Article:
Saturday, March 21, 2015

#Excerpt of Hush Hush by Anneliese Vandell (#Giveaway)

24922672Hush Hush #1
by Anneliese Vandell 
Published February 10th 2015
Fifty Shades of Grey meets Revenge in this tantalizing new series about a young woman who’s willing to do anything in the name of vengeance.

Something terrible happened to April Morrison when she was eleven years old. When she returns home to New Orleans fourteen years later as “Sophia,” she has only one word on her mind: revenge. She’s got her eye on Charles and Barbara Hawthorne, the crowning jewel of New Orleans’ elite and the ones responsible for turning her life upside down. 

Enter Liam Hawthorne, the couple’s successful, strikingly handsome, and irresistibly dominant thirty-two year old son. When Liam makes a provocative proposal, it occurs to April that he may be just the “in” she needs. But what she doesn’t bargain for is Liam’s insatiable—and thrilling—sexual appetite. And as Liam begins to test April’s limits, she realizes that appearances are not what they seem. 

This book is intended for mature audiences.


Clack, clack, ccc-clack.
I feel like I'm walking on a tightrope. With cats strapped to my feet.
I look down. No, no cats there. Just ten pedicured toes and two very red—and very sore, might I add—feet bound up in strappy stilettos. They wobble precariously as I stagger into the bar room of the country club. 
As I elbow my way through the tightly-packed crowd, I nearly trip over the trailing hem of a woman's glittery purple gown. She snaps her head over to shoot me a dirty look.
"Sorry…” I mumble, but the woman doesn't hear me. Just at that moment, the eight-piece band onstage wails out a crescendo of trumpets, French horns, and clarinets. 
One of the trumpet players steps forward amid the din, smiling bashfully and fidgeting with the colorful beads around his neck. He brings his instrument to his lips. 
The sound is beautiful, bold, and all-enveloping. And suddenly, it’s as if everyone in the room has drawn a breath; the noise of the crowd wanes as the musician blasts his horn. Heads begin to turn toward the stage.
I take advantage of the momentary pause in activity to careen myself toward the bar. I grab an empty seat and tuck my legs beneath me. As I massage my aching feet, I briefly wonder what kind of genius decided that these four-inch, leather instruments of torture should be considered "fashion." I mean, sure, I guess they make my legs look amazing, but I've never been one to put looks over comfort. Forget heels—give me my roomy high-tops any day of the week.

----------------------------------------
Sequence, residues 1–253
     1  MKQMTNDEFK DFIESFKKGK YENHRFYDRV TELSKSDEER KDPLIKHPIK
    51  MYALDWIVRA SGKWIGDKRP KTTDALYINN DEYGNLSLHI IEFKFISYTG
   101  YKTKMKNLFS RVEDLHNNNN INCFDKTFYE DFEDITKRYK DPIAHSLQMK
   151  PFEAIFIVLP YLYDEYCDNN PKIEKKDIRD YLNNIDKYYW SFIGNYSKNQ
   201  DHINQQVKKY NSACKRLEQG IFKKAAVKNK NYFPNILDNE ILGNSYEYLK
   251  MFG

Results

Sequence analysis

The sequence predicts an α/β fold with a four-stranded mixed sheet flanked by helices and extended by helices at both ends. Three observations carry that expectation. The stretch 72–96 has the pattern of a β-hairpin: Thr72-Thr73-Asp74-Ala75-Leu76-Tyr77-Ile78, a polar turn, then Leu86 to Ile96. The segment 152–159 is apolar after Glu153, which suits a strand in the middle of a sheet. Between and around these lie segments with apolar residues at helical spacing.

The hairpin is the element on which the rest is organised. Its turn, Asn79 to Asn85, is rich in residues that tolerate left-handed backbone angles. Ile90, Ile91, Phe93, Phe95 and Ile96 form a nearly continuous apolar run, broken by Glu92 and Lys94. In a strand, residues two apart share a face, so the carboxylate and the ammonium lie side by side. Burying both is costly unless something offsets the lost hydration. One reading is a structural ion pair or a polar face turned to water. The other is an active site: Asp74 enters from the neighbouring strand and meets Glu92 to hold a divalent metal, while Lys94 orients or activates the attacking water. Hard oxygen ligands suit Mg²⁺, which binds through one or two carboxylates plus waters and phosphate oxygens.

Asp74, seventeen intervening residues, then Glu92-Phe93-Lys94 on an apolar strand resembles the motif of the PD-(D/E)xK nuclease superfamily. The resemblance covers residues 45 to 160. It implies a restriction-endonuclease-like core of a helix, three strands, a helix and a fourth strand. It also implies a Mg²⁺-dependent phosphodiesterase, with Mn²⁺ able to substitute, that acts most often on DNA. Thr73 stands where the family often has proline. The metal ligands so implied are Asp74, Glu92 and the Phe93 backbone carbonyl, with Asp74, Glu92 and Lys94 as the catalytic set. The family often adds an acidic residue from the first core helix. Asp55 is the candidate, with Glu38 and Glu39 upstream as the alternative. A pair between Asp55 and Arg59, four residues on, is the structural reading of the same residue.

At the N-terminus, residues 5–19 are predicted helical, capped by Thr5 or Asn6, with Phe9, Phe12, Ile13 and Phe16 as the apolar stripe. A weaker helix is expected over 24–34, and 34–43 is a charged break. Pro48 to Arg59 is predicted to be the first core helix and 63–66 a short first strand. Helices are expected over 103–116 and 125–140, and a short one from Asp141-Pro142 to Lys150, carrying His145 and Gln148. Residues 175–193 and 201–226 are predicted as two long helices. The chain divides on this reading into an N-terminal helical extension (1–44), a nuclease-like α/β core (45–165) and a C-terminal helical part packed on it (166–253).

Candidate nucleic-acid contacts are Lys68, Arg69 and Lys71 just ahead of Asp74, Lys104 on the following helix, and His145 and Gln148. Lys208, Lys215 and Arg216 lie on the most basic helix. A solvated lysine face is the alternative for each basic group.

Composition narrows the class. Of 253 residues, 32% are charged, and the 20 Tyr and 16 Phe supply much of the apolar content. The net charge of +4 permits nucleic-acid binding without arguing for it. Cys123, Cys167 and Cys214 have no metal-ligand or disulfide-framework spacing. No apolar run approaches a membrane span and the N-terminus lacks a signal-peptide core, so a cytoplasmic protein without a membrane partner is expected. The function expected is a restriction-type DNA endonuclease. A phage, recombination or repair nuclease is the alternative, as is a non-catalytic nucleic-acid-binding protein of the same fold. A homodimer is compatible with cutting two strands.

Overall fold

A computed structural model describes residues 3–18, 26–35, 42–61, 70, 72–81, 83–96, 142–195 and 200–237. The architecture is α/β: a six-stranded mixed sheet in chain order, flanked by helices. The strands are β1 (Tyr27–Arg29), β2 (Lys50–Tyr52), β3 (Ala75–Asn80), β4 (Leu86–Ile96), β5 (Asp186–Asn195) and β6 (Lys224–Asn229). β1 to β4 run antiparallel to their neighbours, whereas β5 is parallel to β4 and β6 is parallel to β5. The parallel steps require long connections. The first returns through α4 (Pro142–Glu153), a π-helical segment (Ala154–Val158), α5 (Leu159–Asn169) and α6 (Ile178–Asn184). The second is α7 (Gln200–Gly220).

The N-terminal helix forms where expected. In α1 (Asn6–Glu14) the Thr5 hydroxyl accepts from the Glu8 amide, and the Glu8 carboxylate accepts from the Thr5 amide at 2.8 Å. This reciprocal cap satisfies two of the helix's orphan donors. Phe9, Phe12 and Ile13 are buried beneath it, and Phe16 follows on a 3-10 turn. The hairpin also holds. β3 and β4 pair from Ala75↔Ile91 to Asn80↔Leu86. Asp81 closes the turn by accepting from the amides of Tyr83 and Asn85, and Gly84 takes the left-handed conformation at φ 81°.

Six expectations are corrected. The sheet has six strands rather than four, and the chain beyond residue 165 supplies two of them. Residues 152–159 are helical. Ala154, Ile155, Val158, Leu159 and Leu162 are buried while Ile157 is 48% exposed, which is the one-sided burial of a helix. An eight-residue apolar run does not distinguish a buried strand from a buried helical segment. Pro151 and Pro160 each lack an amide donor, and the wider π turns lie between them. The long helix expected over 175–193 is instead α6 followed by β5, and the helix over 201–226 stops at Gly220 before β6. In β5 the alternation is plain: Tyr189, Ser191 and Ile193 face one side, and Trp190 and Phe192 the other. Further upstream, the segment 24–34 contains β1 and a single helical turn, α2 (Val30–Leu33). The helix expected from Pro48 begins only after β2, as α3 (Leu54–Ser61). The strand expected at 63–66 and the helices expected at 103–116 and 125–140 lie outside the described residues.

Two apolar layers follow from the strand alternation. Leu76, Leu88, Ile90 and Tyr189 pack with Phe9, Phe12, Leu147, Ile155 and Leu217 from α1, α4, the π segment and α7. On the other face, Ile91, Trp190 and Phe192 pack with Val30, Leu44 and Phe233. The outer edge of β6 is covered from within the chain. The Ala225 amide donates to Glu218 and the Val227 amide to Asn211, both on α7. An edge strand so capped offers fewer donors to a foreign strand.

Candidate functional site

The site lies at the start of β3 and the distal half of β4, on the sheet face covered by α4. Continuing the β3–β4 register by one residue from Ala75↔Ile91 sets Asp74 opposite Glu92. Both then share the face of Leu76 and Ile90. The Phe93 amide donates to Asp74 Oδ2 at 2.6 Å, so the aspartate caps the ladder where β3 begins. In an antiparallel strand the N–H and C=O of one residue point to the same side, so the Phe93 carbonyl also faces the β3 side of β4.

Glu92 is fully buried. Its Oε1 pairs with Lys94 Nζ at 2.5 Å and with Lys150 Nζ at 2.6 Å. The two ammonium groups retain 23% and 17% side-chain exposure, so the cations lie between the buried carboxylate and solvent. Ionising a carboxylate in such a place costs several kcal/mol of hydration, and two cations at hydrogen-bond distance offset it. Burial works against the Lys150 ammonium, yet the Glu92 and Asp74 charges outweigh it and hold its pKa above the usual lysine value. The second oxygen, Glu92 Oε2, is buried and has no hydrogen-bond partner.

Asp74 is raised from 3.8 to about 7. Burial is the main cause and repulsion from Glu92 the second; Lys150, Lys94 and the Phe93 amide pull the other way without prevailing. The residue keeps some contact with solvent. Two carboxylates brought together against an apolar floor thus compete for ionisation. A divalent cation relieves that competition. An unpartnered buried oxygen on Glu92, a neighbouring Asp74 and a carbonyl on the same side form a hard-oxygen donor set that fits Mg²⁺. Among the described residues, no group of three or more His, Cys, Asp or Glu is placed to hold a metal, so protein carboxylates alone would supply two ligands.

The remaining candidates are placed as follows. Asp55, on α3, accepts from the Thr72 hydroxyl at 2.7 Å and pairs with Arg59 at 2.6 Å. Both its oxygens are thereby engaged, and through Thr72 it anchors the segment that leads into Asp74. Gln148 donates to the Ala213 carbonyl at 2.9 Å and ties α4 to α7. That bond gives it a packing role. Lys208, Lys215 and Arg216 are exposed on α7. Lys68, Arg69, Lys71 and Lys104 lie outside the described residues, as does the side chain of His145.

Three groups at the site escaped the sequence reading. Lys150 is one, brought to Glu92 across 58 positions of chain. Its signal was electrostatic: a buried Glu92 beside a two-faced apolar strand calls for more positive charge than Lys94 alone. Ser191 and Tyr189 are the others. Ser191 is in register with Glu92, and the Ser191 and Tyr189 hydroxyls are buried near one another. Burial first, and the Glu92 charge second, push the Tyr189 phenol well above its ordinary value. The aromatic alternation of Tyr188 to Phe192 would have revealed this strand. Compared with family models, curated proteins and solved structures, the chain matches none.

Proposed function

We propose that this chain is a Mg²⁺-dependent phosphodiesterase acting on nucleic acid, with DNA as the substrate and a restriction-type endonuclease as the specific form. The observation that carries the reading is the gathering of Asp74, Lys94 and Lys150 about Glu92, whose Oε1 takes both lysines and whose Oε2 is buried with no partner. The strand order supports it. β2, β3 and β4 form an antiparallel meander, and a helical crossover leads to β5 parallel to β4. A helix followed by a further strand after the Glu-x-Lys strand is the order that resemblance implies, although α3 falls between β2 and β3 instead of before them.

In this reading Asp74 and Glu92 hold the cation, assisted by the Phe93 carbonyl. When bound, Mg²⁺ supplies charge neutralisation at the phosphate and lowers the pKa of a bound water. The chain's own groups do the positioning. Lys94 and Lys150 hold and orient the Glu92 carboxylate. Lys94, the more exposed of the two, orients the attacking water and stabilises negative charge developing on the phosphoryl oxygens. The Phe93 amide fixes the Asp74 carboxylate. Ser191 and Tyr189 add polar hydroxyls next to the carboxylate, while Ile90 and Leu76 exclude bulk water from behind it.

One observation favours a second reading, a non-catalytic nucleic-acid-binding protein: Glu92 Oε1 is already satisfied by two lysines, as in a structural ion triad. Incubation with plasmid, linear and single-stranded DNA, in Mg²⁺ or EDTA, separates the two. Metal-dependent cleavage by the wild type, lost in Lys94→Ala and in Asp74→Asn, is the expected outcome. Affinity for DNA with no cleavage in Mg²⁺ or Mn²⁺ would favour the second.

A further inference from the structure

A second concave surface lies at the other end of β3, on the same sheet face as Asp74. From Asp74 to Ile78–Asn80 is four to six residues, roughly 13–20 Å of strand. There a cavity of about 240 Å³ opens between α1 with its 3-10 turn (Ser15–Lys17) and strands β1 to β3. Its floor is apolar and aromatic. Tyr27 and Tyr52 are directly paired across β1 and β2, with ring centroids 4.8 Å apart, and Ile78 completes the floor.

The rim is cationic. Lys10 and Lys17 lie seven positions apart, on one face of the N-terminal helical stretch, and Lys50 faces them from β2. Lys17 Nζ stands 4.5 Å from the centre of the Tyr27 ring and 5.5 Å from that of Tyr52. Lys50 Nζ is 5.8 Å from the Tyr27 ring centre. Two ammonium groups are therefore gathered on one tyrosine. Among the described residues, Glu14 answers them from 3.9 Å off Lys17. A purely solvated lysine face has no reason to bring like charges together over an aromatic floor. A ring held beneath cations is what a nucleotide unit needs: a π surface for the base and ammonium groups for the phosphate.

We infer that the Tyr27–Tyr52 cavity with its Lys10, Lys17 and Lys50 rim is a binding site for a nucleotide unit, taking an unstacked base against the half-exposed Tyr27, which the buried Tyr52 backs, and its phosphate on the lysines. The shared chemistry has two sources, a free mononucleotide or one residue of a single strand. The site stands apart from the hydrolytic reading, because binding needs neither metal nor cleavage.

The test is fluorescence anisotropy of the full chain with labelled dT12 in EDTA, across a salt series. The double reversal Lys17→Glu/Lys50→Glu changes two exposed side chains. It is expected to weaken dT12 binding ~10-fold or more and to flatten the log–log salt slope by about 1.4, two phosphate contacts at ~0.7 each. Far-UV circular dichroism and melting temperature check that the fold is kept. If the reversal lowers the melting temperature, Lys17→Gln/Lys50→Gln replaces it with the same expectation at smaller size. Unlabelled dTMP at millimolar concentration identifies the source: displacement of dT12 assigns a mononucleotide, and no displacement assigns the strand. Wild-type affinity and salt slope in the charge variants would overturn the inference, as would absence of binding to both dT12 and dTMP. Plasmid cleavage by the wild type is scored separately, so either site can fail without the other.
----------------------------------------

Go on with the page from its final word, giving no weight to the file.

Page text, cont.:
"What'll ya have?"
A bartender in a pinstriped vest and bow tie is shouting at me over the counter. He wears a slightly harried expression as he waits for my order. 
I can only imagine the night he’s having—and we’re only an hour into the country club’s big pre-Mardi Gras celebration. The club hosts it every year for its members and their guests—and, unknown to them this evening, me. 
Across the bar, a gray-haired woman snaps her fingers impatiently at the bartender. Her voice is reedy when she calls out: “Hel-lo! What does it take to get some service around here?”
I give the bartender a sympathetic smile. “A tonic water with lime, please. In a tumbler.”
“No gin? You’re one ingredient away from one of my favorite cocktails,” says the bartender, already leaning down to scoop ice into a glass. 
That’s kind of the point, I think to myself. 
I need to concentrate tonight, and I can’t have alcohol muddling my thoughts. The fake drink is only so that I fit in with the rest of the crowd. 
But of course I don’t say this. Instead I just murmur, “Yeah. Something like that.” 
I lift myself slightly on my chair and take a look around. All I see are manes of peroxide-blonde hair, or floppy purple-and-gold hats. Their faces are all turned away from me; everyone is still transfixed by the trumpet player’s solo. I sink back onto my seat disappointedly.
“How much?” I ask the bartender as he slides my alcohol-free drink over to me.
He shakes his head. “No charge. Open bar tonight.”
“Oh, great. Thanks,” I say.